And so he invited God to chat.
When Richards supervised Martin’s trip, he and Johns Hopkins colleague Roland Griffiths were on an uphill climb to establish their field’s significance in the treatment of mental illness and addiction. Their foundational work, including Richards’ 2015 book Sacred Knowledge: Psychedelics and Religious Experiences, has since inspired a new generation of scientists and led to the establishment in 2019 of the university’s Center for Psychedelic and Consciousness Research. The group employs about 30 people, from senior investigators to college kids, with Griffiths as director.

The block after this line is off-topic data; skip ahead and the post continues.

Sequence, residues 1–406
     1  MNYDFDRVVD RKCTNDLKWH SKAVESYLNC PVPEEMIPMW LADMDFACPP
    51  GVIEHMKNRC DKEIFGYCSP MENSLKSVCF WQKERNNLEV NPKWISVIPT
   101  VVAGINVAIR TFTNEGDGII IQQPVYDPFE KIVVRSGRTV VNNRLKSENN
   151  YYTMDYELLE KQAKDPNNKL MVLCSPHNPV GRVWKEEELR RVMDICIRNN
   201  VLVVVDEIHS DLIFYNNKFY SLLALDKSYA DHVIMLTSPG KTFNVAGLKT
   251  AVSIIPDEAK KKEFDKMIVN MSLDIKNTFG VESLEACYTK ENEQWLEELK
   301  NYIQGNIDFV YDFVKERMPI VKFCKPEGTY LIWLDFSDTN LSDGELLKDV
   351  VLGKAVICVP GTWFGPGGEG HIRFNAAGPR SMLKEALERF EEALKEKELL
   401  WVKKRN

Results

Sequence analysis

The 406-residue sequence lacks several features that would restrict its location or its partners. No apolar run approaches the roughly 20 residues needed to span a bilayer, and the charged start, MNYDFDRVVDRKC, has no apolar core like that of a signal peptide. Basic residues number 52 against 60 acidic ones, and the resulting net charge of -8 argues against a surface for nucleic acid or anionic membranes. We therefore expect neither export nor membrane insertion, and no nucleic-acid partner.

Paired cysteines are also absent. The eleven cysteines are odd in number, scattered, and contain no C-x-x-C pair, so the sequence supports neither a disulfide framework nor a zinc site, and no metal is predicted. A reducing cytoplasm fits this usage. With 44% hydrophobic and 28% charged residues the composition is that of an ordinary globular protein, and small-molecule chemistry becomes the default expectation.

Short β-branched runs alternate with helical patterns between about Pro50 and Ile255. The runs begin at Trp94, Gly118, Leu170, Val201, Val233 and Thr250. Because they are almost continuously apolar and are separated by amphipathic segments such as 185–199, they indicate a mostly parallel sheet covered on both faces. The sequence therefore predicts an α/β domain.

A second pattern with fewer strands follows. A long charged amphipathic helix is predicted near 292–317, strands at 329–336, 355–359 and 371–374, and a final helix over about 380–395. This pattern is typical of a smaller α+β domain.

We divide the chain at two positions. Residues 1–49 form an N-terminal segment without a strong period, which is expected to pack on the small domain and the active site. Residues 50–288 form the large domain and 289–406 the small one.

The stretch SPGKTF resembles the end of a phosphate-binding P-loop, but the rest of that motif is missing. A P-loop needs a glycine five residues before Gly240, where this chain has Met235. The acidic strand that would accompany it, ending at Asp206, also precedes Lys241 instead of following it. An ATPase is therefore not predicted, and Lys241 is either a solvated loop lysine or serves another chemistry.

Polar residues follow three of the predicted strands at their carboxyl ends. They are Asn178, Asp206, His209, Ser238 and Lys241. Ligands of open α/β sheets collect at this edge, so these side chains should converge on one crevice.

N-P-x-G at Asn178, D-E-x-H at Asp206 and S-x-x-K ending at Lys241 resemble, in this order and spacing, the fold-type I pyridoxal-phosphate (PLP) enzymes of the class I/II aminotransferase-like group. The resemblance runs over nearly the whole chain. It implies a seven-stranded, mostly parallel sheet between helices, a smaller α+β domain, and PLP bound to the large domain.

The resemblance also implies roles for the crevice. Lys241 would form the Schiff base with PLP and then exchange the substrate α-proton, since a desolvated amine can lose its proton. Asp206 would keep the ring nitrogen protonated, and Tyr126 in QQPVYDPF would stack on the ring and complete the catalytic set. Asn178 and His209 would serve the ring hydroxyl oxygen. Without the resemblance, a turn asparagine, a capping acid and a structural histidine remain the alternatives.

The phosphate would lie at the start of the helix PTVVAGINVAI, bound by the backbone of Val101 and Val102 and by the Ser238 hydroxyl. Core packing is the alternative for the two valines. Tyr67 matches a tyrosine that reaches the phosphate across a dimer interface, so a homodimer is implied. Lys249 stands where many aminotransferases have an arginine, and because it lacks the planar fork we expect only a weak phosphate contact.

It’s a workplace that embraces rather than shuns the cliché parts of psychedelic culture, says research coordinator and former grad student Ian Geithner. On his office wall, for instance, hangs a tapestry of a mushroom and a big, all-seeing eye. A knee-high lava lamp lights the room. When Griffiths first saw the fixture, Geithner worried he’d think, “Unprofessional,” but he just pointed at it and said, “I haven’t seen one of those in ages!”